When he entered Yerushalayim one of his wives, Michal the daughter of King Shaul, looked out the window and saw him dancing and singing with all his might in front of men and women, and she felt that King Dovid was making a spectacle of himself which was belittling for a king. He finished the parade, gave out bread, a flask of wine, and meat to every Jew present. Rabbeinu Yeshaya points out that the sages said each piece of meat was the size of a sixth of a cow. King Dovid then blessed the nation. As he made his way into his house to bless his family Michal came out and reprimanded King Dovid for not acting kingly like her father would have. (Click here for Hebrew text.)

The Navi concludes the perek: “Dovid answered Michal, ‘In the presence of Hashem, Who chose me over your father and over his entire house to appoint me as ruler over the people of Hashem, over Israel - before Hashem I shall rejoice! And I shall behave even more humbly than this, and I shall be lowly in my eyes; and among the maidservants of whom you spoke – among them I will be honored!’ Michal, daughter of Shaul, had no child until the day of her death” (Shmuel Beis 6:21-23).

Rabbeinu Yeshaya explains King Dovid’s response that ‘more than I was actually lenient with myself I am lenient and lowly in my eyes before The Creator because I can’t stand before him with haughtiness and honor rather with humility and submissiveness.’ The Rabbeinu Yeshaya concludes the perek by saying that the last pasuk is informing you that because of the sin of how Michal spoke to her husband, she did not merit to have children. (Click here for Hebrew text.)

It would seem from this episode that King Dovid was acting appropriately. Dressing up in a “costume” while dancing and singing passionately, almost wildly, for everyone to see, for the sake of Hashem’s honor, is in fact a sign of humility and utmost lowliness, when channeled for the right reasons. Even though he was the king and a king is supposed to be dressed and act with proper respect for the sake of royalty and the kingdom, King Dovid understood and felt with all his heart that before the King Of All Kings he must subjugate himself and pour out his heart, for His sake, even in public. He was right as we see that Michal was punished for reprimanding him.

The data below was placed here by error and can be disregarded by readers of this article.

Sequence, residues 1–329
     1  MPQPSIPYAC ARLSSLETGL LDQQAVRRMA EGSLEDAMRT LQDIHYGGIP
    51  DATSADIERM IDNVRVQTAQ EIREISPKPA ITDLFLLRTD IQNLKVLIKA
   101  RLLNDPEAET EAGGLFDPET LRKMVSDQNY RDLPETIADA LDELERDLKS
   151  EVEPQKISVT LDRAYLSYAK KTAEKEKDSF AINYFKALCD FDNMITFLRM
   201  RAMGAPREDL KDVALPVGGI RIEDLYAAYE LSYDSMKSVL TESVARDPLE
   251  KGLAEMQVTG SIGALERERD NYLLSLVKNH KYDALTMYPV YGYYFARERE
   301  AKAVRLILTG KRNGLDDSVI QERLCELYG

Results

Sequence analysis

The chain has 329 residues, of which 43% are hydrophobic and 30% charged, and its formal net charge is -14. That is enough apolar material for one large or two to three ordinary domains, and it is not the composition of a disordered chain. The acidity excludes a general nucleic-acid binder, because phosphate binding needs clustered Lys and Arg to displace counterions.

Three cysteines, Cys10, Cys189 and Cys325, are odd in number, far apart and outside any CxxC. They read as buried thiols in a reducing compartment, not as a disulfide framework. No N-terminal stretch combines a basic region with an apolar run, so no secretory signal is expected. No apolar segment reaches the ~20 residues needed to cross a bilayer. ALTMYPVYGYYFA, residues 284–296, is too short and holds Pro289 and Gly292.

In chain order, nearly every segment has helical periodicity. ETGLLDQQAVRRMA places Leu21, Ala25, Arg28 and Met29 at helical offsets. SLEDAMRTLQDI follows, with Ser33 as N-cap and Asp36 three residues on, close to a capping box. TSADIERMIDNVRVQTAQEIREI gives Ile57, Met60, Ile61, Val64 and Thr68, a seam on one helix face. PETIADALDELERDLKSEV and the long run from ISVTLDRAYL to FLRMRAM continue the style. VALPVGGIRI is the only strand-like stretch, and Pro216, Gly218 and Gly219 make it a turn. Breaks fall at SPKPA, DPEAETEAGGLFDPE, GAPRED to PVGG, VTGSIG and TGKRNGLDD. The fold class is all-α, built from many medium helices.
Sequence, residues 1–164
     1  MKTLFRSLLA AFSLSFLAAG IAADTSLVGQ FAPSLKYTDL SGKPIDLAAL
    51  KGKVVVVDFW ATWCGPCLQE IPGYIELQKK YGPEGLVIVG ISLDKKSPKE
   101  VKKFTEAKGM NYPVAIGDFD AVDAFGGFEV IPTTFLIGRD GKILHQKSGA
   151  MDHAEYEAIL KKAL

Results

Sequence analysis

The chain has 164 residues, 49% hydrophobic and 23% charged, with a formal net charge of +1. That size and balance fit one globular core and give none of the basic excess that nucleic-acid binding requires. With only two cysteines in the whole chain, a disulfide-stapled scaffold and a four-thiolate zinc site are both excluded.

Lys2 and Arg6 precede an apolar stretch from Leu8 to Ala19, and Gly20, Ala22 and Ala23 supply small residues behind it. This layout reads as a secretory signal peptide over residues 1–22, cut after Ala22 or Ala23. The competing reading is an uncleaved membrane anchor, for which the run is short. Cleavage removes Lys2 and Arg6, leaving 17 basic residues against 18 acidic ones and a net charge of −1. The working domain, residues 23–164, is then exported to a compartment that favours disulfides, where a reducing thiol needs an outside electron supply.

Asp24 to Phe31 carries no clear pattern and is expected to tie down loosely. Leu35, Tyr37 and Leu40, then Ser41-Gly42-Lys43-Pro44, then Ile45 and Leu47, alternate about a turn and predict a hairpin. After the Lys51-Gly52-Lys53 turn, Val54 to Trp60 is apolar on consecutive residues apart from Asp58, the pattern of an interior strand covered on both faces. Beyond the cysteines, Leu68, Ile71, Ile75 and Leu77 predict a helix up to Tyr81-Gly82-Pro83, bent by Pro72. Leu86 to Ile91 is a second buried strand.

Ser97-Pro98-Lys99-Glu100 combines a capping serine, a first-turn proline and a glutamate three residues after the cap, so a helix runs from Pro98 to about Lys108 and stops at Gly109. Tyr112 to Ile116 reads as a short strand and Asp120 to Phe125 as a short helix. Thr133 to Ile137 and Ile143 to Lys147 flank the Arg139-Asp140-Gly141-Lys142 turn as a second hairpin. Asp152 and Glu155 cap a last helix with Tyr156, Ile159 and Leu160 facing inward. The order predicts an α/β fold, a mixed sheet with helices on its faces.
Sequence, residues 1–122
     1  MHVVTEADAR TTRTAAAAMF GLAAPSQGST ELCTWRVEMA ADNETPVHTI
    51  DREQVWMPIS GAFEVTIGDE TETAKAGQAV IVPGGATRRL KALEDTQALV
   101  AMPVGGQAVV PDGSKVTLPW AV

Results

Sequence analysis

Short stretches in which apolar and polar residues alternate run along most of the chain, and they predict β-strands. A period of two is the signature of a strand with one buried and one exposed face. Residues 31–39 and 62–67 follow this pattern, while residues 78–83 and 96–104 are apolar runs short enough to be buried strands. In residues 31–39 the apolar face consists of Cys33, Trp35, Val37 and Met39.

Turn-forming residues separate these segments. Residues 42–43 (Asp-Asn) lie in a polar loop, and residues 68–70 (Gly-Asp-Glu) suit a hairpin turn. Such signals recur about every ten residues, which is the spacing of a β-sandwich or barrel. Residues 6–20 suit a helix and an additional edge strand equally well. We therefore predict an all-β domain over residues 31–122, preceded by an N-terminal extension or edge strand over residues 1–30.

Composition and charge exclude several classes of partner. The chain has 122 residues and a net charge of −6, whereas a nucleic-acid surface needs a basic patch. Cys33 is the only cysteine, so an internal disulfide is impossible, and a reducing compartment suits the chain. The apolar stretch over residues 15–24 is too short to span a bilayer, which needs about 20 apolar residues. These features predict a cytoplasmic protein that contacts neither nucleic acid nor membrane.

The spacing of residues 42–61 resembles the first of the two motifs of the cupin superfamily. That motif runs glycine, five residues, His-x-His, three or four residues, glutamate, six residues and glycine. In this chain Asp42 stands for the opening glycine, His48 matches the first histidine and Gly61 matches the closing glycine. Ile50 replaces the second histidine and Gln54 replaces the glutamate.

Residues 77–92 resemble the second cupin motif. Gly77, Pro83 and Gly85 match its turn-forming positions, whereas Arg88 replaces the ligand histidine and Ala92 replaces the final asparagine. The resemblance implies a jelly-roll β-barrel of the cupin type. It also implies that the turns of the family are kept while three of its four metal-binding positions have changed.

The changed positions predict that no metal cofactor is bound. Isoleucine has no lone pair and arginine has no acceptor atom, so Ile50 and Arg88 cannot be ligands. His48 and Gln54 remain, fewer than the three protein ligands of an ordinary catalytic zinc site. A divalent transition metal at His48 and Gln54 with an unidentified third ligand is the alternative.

If this is the case then why didn’t he do more? Didn’t he tell Michal: “And I shall behave even more humbly than this, and I shall be lowly in my eyes,” which Rabbeinu Yeshaya explains means that as much as King Dovid was lenient with himself the feelings towards Hashem that he had inside him was of even more humility and subjugation. If that was true, then why didn’t he show it?

The answer must be that King Dovid, the tzadik, who was in control of all his faculties, also knew and understood that there has to be a balance. He was still a person, and he felt a sense of self-respect (gadlus ha’adam) and also understood that he was the king of an entire nation. Therefore, using all his faculties, he made a judgement call that he could let loose and show his true colors and feelings towards Hashem when escorting the Holy Ark to its new resting place, just like a hachnasas sefer Torah. But he also knew his exact boundaries, and when to draw the line.

Good Shabbos,
Rabbi Dovid Shmuel Milder